The Yonkers Power Station of the New York Central & Hudson River Railroad was constructed between 1904 and 1906. It was built as part of the electrification of the rail lines spurred in part by dangerous conditions caused by steam engines and related smoke, and also by the need for a completely new and larger Grand Central Terminal. The brick power house and two smokestacks stand as a solitary beacon to Hudson Valley Ruins as one heads north from New York City.
The generating building is split into two sections. The turbine room in the northern half is a cavernous hall, like a great arcade of sorts, open in the middle, surrounded by walkways on the side, with light filtering in from the monitor roof above.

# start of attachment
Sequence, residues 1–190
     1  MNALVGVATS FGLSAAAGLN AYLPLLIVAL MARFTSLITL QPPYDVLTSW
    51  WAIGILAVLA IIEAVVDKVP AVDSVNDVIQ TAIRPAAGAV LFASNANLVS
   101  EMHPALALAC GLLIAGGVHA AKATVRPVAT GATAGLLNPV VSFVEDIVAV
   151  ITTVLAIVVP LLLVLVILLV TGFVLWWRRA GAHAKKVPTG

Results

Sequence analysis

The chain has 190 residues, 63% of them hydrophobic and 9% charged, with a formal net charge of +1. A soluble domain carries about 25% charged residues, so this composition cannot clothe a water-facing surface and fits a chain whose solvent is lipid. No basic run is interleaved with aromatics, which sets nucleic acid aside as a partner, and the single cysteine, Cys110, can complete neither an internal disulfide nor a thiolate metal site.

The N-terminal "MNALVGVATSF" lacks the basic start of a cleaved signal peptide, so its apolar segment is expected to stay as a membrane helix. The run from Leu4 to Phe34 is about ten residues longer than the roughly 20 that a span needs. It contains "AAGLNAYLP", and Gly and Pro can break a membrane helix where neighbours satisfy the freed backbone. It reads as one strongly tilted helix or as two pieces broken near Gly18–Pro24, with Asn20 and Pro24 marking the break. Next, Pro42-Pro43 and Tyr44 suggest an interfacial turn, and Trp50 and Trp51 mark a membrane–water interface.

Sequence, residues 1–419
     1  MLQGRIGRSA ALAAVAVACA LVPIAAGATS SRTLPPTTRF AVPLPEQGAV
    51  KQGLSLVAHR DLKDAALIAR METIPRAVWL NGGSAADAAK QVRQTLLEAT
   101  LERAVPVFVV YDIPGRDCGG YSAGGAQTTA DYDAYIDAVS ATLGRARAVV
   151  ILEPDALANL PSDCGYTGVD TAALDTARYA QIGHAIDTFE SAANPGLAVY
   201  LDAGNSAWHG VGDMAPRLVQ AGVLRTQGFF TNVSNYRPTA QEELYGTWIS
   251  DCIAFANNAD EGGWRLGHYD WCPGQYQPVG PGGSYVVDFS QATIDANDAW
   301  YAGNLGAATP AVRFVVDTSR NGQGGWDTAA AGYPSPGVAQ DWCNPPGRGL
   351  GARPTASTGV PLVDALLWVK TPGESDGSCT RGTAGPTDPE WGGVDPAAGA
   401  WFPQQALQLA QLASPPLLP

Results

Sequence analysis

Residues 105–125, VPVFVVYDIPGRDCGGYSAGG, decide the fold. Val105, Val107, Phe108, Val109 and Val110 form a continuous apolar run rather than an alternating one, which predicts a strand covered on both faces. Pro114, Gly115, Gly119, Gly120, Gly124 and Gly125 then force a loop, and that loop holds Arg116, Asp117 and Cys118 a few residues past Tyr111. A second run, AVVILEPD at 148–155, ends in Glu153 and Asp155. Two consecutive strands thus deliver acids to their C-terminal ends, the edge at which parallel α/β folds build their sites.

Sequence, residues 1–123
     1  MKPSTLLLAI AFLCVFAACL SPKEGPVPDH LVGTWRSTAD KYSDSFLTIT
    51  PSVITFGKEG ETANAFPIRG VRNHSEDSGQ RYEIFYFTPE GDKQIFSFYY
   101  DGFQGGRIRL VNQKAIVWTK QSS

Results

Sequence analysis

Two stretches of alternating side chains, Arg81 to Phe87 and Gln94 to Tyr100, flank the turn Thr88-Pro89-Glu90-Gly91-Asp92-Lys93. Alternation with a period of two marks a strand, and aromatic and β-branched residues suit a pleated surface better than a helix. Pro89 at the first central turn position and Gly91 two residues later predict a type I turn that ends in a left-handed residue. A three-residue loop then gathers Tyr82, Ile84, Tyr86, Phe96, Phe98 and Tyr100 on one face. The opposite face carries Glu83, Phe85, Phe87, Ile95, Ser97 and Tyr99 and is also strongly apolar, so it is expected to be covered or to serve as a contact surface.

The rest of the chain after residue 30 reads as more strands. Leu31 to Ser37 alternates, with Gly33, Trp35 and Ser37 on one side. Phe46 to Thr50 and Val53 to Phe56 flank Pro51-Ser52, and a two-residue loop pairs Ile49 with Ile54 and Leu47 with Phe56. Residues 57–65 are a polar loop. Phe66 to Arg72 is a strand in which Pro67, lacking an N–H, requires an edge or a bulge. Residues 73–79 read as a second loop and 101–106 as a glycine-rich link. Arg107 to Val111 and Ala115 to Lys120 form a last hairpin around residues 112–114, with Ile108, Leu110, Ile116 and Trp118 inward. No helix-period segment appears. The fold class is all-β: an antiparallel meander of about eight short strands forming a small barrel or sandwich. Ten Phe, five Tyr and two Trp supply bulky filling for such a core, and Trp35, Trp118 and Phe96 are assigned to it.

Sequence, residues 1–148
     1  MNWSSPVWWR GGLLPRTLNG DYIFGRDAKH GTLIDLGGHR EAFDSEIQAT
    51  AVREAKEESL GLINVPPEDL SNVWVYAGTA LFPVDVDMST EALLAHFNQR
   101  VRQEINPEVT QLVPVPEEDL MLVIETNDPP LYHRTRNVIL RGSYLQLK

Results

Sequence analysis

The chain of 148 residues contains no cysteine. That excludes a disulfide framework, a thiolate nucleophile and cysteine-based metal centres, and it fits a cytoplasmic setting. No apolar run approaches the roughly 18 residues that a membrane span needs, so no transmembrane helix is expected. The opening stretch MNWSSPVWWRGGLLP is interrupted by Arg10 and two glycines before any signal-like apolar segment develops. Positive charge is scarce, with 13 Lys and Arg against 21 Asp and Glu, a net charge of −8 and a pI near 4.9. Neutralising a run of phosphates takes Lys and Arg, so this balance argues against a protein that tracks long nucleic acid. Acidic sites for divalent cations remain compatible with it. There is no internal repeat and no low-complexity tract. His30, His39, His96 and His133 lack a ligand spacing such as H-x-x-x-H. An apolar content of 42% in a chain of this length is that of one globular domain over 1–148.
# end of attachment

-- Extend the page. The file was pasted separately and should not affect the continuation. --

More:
The south side contains the boiler chambers. The room is split into two halves, with an aisle leading to a view of the Hudson River, directly opposite the Palisades. On either side of the aisle are individual chambers, the walls of which have collapsed into large piles of brick. Small rooms at the east end were offices and bathrooms. The smokestacks and coal bins are supported well above the ground floor.